These units are used to broadcast local audio, such as from a public address system or local microphone. They accomplish this by producing a modulated magnetic field that a hearing aid is capable of picking up.
Not many controls on this bit of equipment. A bi-colour LED for status indications, a microphone, external audio input, charging input & a power switch.
Popping the cover off reveals a small lead-acid battery, 2.1Ah at 12v. This is used when the loop is unplugged.
Here’s the main PCB, which takes care of the audio & battery charging. The inductive loop itself is just visible as the tape-covered wire bundle around the edge of the casing.
Here’s the input section of the main PCB. The microphone input is handled by a SSM2166 front-end preamplifier from Analog Devices.
This audio is then fed into a TDA2003 10W Mono Power Amplifier IC, which directly drives the induction coil as if it were a speaker. Any suitable receiving coil & amplifier can then receive the signal & change it back into audio.
I’ve had a couple of viewfinder CRT modules for a while, & haven’t done much with them, so I decided to make a very small B&W monitor.
I ordered a small transparent ABS box when I made a large order with Farnell, that turned out to be just about the perfect size for the project! The CRT & PCB barely fit into the space. The face of the CRT itself is about 17mm across.
Here’s the main PCB & tube fully installed into the case. Barely enough room for a regulator left over!
Power is provided by a simple LM7809 IC to take a standard 12v input.
Rear of the case, showing the fit of the control board.
Here’s the back of the monitor, with the DC input jack & a 3.5mm 4-pole jack for audio & video. This allows simple connection to many devices, including the one I’ll use the most – the Raspberry Pi.
Completed monitor. Audio is handled by a very small 20mm speaker, currently mounted just below the CRT face.
Current draw from a 13.8v supply is 117mA.
One bit of my equipment that I’ve never looked into is my scanner, a handheld Uniden unit. I got this when Maplin Electronics had them on special offer a few years ago.
Here’s the scanner itself, roughly the same size as a usual HT.
Here the back cover has been removed, and the main RF board is visible at the top of the stack. Unfortunately the shielding cans are soldered on this unit, so no looking under there 🙁
On the right hand side of the board next to the antenna input is the main RF filter network, and it’s associated switching. The RF front end is under the shield closest to the front edge.
On the other side of the PCB is the Volume & Squelch potentiometers, along with a dedicated 3.3v switching supply. An NJM2360A High Precision DC/DC converter IC controls this one. A 3.3v test point is visible next to the regulator.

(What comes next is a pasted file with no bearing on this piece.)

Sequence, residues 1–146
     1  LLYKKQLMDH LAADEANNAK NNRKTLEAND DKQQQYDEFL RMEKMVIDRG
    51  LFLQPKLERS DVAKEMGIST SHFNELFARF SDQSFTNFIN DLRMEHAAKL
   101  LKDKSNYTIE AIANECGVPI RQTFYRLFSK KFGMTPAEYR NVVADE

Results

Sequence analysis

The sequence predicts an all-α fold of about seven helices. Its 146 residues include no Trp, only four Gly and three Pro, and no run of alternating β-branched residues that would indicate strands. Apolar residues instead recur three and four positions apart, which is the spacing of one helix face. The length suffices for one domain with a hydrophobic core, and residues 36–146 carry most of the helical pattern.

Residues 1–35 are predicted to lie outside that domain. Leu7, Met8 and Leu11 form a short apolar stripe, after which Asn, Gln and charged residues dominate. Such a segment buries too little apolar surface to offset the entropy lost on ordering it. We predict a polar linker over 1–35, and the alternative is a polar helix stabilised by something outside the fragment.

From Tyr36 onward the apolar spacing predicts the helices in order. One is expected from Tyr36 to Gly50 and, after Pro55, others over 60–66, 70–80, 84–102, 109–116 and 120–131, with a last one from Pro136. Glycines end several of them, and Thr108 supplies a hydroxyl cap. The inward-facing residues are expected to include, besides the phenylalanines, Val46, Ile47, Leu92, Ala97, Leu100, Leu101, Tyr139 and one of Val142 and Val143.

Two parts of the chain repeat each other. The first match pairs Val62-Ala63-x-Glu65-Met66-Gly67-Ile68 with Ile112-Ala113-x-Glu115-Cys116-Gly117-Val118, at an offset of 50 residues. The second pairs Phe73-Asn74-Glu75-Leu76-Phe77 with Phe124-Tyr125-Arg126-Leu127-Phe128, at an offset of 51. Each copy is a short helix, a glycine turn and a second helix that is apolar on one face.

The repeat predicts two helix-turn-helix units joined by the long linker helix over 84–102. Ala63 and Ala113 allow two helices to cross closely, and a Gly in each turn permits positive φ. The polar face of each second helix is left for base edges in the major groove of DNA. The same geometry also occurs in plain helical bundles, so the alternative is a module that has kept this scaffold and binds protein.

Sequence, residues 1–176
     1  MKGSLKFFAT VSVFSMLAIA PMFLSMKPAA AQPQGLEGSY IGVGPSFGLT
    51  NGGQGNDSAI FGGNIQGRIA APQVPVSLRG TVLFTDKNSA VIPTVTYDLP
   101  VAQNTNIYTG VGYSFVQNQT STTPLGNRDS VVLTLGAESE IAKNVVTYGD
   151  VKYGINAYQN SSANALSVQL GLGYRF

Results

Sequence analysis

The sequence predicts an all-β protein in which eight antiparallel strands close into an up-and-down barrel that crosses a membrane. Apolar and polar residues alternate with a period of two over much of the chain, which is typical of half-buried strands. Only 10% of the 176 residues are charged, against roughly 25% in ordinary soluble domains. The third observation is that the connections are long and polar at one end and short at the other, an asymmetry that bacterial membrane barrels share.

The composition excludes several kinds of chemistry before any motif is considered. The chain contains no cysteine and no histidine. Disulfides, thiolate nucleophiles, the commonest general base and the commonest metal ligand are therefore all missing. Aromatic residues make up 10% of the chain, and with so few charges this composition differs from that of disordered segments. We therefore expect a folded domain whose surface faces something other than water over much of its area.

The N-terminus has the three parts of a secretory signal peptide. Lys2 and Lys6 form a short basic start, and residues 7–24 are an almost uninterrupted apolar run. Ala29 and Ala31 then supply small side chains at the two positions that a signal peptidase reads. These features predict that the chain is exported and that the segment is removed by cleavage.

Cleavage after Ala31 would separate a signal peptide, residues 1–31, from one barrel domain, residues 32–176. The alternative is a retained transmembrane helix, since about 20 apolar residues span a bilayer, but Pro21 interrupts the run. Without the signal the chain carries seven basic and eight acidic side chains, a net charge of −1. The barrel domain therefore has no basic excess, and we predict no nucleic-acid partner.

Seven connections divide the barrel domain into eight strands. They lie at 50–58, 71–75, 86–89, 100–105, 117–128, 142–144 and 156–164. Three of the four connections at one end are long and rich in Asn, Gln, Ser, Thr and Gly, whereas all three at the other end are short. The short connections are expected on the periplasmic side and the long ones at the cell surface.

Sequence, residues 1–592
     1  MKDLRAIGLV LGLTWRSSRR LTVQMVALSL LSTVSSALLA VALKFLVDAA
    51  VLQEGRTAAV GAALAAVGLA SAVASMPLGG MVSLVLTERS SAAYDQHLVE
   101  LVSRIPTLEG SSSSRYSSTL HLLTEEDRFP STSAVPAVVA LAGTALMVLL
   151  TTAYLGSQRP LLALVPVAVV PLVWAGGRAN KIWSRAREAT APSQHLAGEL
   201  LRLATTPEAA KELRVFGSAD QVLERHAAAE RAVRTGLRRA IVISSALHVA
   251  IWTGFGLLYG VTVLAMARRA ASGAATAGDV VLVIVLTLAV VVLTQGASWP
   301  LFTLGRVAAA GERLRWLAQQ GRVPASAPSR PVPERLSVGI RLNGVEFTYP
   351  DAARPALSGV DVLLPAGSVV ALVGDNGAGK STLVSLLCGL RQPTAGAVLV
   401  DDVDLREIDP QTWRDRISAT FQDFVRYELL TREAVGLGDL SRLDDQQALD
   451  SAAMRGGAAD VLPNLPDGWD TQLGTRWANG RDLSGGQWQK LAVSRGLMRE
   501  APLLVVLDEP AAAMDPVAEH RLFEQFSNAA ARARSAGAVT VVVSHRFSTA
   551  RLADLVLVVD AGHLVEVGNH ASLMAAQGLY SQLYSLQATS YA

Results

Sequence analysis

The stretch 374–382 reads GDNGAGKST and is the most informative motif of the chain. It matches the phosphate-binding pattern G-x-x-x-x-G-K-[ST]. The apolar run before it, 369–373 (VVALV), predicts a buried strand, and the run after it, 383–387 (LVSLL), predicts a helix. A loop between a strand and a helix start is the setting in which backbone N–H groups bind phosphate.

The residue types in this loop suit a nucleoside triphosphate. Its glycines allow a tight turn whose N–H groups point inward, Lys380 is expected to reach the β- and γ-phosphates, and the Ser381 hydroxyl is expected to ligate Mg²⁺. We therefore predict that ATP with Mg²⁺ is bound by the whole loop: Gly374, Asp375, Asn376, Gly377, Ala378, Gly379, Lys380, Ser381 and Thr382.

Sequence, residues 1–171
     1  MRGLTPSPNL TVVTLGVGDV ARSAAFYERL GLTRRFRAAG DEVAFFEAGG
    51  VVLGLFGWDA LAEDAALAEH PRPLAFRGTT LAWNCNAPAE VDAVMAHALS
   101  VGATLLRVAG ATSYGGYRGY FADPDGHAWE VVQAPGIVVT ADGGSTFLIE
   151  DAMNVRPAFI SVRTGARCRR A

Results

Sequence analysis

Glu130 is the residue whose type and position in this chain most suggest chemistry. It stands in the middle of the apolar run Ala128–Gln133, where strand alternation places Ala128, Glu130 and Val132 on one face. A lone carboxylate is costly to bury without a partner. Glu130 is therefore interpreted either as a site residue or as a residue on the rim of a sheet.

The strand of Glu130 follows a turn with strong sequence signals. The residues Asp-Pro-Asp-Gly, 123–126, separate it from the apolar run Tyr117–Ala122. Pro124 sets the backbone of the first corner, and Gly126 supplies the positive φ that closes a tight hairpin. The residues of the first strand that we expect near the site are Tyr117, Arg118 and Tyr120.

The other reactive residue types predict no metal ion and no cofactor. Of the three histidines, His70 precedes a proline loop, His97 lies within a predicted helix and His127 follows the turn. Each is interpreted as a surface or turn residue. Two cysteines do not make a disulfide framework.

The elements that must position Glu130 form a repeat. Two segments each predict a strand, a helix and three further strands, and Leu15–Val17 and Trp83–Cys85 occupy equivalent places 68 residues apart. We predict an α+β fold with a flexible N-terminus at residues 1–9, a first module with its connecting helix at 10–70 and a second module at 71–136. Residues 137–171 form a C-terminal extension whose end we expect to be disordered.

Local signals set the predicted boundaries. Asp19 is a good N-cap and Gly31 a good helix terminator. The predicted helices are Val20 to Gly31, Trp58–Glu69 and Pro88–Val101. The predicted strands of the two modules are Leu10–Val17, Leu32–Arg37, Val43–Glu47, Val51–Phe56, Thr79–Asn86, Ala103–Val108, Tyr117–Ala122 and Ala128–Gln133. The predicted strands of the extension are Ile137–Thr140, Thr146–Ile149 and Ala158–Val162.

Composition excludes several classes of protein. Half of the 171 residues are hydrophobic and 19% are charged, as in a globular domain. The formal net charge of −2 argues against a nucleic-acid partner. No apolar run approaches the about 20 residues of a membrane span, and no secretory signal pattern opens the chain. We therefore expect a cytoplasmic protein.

Here’s the backside of the RF board, some more interesting parts here. There’s a pair of NJM3404A Single Supply Dual Op-Amp ICs, and a TK10931V Dual AM/FM IF Discriminator IC. This is the one that does all the back-end radio functionality. The audio amplifier for the internal speaker & external headphone jack is also on this PCB, top left. A board-to-board interconnect links this radio board with the main control board underneath.
Here’s the front of the control PCB, nothing much to see here, just the LCD & membrane keypad contacts.
And here’s the reverse side of the control board. All the interesting bits are here. The main microcontroller is on the right, a Renesas M38D59GF, a fairly powerful MCU, with onboard LCD drive, A/D converter, serial interface, 60K of ROM & 2K of RAM. It’s 6.143MHz clock crystal is just below it.
The mating connector for the RF board is in the centre here.
There is also a Microchip 24LC168 16KB I²C EEPROM next to the main microcontroller. This is probably for storing user settings, frequencies, etc.
The rest of this board is dedicated to battery charging and power supply, in the centre is a dual switching controller, I can’t figure out the numbers on the tiny SOT23 components in here, but this is dealing with the DC 6v input & to the left of that is the circuitry for charging the NiMH cells included with the scanner.
The last bit of this PCB is a BU2092FV Serial In / Parallel Out 4 channel driver. Not sure what this one is doing, it might be doing some signal multiplexing for the RF board interface. Unfortunately the tracks from this IC are routed on the inner layers of the board so they can’t be traced out.